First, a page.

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We experimentally reduced clutch size of Great Tits Parus major to investigate the effects on parental care (including Daily Energy Expenditure, DEE, measured with doubly labelled water), and the relationship between DEE and the residual reproductive Value. The length of a working day was not affected, but the nestling phase was 0.7 days (4%) shorter in experimental clutches. Males fed reduced broods at a lower rate, but DEE and mass (loss) were not significantly affected by the experiment. However, male DEE was positively correlated with feeding frequency, and this relationship did not differ between control and experimental males. This suggests that the experiment resulted in a slight reduction in male DEE, and lack of statistical significance can be attributed to the power of the test applied. Females fed reduced broods at a lower rate, but female DEE and mass (loss) were not affected by the clutch size manipulation. Female DEE was not correlated with feeding frequency, the original number of eggs in the nest or the actual number of young. The division of labour (feeding rate, DEE) was not affected by the clutch size manipulation. Female DEE was significantly higher than male DEE, and this could be caused by the fact that only the female roosts with the young. There was no consistent relationship between DEE and parental survival or future reproductive success. Since the experimental reduction in clutch size led to an increase in residual reproductive Value (more second clutches), but not to a decrease in DEE, this costs of reproduction is apparently not contingent on increased rate of energy turnover. It is suggested that birds with equal DEE may differ in their residual reproductive value as a consequence of variation in energy allocation between reproductive effort and e.g. aspects of physiological maintenance and repair. [KEYWORDS: Parus major; clutch size; parental effort; daily energy expenditure Doubly labeled water; flycatcher ficedula-albicollis; measuring energy-metabolism; starlings sturnus-vulgaris; kestrel falco-tinnunculus; brood size; breeding birds; reproductive effort;savannah sparrows; expenditure]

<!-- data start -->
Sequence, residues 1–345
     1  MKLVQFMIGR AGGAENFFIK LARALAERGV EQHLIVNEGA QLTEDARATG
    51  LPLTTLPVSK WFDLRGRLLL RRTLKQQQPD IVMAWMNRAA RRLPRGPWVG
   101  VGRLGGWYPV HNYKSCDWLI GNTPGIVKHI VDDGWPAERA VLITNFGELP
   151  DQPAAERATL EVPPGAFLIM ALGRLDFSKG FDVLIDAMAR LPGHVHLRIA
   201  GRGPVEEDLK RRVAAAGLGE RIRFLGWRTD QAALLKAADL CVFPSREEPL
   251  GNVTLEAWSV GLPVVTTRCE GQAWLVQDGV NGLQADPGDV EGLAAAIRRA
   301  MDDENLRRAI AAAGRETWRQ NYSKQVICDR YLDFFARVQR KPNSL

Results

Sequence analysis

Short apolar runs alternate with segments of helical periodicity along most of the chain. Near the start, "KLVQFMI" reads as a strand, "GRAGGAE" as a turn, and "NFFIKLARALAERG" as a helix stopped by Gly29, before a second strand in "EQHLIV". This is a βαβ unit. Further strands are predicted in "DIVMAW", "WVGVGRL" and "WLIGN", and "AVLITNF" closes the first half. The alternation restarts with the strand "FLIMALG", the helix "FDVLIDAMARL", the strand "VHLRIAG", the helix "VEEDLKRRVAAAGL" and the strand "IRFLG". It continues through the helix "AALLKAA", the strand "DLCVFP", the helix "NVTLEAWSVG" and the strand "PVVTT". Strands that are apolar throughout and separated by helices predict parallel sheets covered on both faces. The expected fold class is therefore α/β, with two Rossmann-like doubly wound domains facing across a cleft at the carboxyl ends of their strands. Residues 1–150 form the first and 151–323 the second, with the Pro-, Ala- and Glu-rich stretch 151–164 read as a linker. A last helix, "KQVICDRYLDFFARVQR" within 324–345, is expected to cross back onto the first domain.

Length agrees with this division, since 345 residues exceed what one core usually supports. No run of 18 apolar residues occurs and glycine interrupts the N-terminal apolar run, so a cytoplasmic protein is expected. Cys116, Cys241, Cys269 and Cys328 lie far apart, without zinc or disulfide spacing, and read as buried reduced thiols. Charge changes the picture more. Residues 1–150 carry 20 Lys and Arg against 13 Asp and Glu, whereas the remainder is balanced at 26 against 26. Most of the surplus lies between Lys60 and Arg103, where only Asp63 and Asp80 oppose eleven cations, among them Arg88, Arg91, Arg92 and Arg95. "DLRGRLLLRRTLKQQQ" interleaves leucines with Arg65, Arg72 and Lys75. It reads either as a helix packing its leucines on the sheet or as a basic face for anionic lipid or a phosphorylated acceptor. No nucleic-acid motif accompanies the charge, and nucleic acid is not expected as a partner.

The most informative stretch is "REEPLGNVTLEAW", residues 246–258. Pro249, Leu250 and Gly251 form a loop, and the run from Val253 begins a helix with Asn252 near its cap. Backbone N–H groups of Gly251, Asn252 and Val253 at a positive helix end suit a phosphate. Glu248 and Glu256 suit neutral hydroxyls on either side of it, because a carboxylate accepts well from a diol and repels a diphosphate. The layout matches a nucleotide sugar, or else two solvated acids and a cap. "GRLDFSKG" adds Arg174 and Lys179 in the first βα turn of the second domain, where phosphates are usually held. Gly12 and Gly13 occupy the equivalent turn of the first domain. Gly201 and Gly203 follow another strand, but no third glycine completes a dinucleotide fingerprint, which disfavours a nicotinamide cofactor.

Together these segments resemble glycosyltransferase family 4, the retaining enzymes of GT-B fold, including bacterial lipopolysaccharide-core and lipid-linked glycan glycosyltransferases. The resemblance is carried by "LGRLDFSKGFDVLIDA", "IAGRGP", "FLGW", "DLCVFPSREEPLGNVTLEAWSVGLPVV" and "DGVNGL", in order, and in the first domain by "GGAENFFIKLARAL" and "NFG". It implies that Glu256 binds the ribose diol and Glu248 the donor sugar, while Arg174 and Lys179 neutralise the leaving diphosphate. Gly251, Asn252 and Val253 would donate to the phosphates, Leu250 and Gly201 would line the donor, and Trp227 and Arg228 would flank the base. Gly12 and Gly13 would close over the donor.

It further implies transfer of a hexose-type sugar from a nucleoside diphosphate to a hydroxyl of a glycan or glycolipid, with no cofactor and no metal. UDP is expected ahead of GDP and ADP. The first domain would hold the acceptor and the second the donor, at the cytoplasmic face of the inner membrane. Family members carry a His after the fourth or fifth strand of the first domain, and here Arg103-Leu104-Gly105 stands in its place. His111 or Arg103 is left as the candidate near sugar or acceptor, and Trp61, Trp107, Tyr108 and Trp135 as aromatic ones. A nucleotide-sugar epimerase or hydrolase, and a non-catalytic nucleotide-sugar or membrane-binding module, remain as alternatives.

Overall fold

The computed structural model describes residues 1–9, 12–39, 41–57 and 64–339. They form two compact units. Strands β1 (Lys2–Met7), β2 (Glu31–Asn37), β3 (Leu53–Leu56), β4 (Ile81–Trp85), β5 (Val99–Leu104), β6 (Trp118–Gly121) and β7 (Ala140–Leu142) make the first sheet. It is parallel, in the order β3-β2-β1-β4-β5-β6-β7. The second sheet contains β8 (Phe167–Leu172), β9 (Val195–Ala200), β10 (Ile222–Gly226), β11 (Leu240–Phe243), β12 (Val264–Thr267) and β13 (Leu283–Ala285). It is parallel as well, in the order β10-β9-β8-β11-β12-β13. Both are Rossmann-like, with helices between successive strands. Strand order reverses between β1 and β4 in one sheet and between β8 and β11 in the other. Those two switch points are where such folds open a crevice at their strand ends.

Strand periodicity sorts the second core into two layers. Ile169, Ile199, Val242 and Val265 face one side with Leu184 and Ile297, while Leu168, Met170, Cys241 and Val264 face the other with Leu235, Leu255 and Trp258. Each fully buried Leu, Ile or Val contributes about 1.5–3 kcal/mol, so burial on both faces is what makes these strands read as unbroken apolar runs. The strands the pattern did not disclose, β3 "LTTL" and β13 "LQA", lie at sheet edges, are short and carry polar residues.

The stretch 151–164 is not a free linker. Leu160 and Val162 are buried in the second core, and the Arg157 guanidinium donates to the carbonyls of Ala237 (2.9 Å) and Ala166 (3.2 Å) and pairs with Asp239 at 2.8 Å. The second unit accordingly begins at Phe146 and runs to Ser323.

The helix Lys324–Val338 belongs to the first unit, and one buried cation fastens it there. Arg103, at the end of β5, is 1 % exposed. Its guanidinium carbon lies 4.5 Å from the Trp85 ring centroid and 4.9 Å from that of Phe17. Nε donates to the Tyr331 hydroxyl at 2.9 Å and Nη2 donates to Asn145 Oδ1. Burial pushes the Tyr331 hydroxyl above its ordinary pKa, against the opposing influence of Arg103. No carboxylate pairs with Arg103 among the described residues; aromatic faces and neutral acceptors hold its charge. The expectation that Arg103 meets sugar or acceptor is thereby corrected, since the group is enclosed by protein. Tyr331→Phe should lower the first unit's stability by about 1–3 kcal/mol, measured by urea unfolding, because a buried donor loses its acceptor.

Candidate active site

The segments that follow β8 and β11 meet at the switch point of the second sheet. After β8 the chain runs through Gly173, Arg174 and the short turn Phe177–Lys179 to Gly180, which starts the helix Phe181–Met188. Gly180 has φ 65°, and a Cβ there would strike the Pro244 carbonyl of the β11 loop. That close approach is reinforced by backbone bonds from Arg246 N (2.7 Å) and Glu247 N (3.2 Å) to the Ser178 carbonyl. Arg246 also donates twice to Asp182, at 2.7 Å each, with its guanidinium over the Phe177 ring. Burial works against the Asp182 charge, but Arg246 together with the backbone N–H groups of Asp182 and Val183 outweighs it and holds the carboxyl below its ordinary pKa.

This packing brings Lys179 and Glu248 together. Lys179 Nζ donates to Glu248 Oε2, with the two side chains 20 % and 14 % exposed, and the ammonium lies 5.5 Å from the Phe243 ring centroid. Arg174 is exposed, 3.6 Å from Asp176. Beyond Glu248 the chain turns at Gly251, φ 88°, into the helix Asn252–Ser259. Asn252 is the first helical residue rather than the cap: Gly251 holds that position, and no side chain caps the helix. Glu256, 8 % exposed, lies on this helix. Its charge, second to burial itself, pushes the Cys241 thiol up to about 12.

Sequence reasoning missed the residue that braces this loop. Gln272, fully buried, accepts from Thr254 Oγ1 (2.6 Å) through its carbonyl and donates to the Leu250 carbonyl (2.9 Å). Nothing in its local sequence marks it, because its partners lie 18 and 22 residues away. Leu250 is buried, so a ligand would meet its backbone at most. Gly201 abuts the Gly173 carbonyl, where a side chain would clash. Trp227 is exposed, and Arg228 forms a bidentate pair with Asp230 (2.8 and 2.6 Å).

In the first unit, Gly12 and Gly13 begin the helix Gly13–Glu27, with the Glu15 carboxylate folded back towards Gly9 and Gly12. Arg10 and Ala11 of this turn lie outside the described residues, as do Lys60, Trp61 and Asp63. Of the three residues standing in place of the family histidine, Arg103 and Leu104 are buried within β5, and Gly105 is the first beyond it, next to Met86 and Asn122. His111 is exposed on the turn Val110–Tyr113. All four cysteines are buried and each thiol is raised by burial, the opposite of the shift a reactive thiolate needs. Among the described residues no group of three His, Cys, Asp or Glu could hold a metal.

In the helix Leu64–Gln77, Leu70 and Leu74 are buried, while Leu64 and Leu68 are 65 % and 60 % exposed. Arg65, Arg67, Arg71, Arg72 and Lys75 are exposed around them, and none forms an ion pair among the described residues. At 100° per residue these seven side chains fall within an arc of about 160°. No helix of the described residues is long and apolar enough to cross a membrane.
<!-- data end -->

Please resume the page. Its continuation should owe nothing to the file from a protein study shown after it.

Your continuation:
Original languageEnglish
Pages (from-to)111-126
Issue number1
StatePublished - 1997

ID: 279116